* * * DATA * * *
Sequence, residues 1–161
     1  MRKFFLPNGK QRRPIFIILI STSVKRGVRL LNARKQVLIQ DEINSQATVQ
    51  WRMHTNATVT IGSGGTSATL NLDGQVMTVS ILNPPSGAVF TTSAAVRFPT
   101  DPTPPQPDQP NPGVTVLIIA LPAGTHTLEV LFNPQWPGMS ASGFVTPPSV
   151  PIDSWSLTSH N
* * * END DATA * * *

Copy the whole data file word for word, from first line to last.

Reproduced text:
Sequence, residues 1–161
     1  MRKFFLPNGK QRRPIFIILI STSVKRGVRL LNARKQVLIQ DEINSQATVQ
    51  WRMHTNATVT IGSGGTSATL NLDGQVMTVS ILNPPSGAVF TTSAAVRFPT
   101  DPTPPQPDQP NPGVTVLIIA LPAGTHTLEV LFNPQWPGMS ASGFVTPPSV
   151  PIDSWSLTSH N